NHL not ready to penalize headshots

National Hockey League general managers met on Tuesday and opted not to institute an automatic penalty for a hit to the head.

National Hockey League general managers met on Tuesday and opted not to institute an automatic penalty for a hit to the head.

The impetus for the rule came from the National Hockey League Players' Association, which also pushed for it in a presentation to the league's general managers in March. The Ontario Hockey League bans hits to the head.

The league will continue to follow a practice in which disciplinarian Colin Campbell reviews plays to see if any punishment is warranted.

"Player safety is of paramount safety to us, so that's not the issue," NHL commissioner Gary Bettman told Hockey Night in Canadain an interview on Tuesday night. "The concern is if you go to a rule like the OHL there's too much unpredictability in terms of what happens when you make a big hit.

"A player snaps his head back, [and] there's lots of gamesmanship that can go on. We think using supplemental discipline where we can really evaluate what happened on the ice to see if the player who got hit was vulnerable, was he unsuspecting, was it a late hit —that's something we can do with suspensions and supplemental discipline."

NHLPA executive director Paul Kelly has said the association isn't concerned with accidental or inadvertent contact to the head.

That distinction ultimately meant little on Tuesday. Brian Burke told The Canadian Press that in the leagues where there's a mandatory penalty, there has been player uncertainty and less hitting.

"I know players seem to think it's important, and you hear Paul Kelly talk about it, but in our [GMs] room? No appetite," said Burke.

Burke again made the claim that such a rule reduces the amount of checks overall, which OHL president David Branch has repeatedly disputed publicly.

Kelly told CP on Tuesday night the response was disappointing, but that it's a particularly sensitive issue to veteran players and one that has the support of a majority of members.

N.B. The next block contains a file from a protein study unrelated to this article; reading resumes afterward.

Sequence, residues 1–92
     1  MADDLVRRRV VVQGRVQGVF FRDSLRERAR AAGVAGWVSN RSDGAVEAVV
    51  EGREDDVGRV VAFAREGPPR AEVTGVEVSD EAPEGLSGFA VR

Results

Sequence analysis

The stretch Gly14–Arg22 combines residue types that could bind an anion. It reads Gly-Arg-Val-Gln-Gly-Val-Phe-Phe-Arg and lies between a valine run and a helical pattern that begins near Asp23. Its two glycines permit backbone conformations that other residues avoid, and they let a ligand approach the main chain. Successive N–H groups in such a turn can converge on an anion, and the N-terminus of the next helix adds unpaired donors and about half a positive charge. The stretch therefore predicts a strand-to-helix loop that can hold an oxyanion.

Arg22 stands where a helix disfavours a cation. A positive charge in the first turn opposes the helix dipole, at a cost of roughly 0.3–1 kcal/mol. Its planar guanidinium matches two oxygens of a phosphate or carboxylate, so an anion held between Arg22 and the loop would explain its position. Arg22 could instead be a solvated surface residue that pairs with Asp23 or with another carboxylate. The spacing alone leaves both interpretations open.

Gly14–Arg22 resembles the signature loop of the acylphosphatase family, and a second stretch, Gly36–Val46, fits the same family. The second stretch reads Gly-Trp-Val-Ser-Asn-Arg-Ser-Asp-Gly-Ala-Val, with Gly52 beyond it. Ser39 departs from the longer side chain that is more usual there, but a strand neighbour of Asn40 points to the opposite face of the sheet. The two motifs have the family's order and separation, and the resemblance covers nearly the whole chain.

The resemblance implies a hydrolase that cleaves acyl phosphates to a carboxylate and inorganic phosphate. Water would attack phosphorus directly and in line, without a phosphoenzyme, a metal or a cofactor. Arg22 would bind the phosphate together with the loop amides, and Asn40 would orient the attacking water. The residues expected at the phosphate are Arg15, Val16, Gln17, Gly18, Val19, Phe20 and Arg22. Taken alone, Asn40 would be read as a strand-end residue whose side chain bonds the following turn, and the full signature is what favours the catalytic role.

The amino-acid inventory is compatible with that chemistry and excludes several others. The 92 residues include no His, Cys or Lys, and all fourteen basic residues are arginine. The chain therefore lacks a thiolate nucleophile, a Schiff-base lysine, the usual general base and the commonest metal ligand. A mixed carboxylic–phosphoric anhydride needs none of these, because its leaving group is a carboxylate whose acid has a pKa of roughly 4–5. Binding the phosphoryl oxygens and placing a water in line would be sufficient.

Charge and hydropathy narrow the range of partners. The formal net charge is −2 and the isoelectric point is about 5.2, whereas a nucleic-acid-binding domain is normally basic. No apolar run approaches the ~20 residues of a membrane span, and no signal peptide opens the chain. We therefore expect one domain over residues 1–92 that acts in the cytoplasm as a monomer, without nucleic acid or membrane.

"The system we have been using simply hasn't been sufficient to deter these type of potentially career-ending injuries," Kelly said. "I would think, frankly, that many of these GMs would feel some obligation to protect their star players."

Concussion specialist and neuropsychology consultant for the Canadian Hockey League, Michael Czarnota, was among a number of people surprised that Chicago Blackhawks forward Martin Havlat returned just three days after a thunderous hit to the head in Game 3 of the Western Conference final knocked him out.

"It's the NHL, it's the playoffs, so guys are willing to do a little bit more.… But it sure seemed that two days later was sort of pushing things," Czarnota told

Bettman deferred to the experts in the Havlat case.

"I leave that to the doctors, and we have pretty good standards for evaluating concussions," he said. "It's possible he was analyzed and checked out OK and he didn't feel well after the one game he played."

Havlat would suit up for the final two games of the series, although he saw a total of just 12 minutes of ice time after taking the blow.

With files from The Canadian Press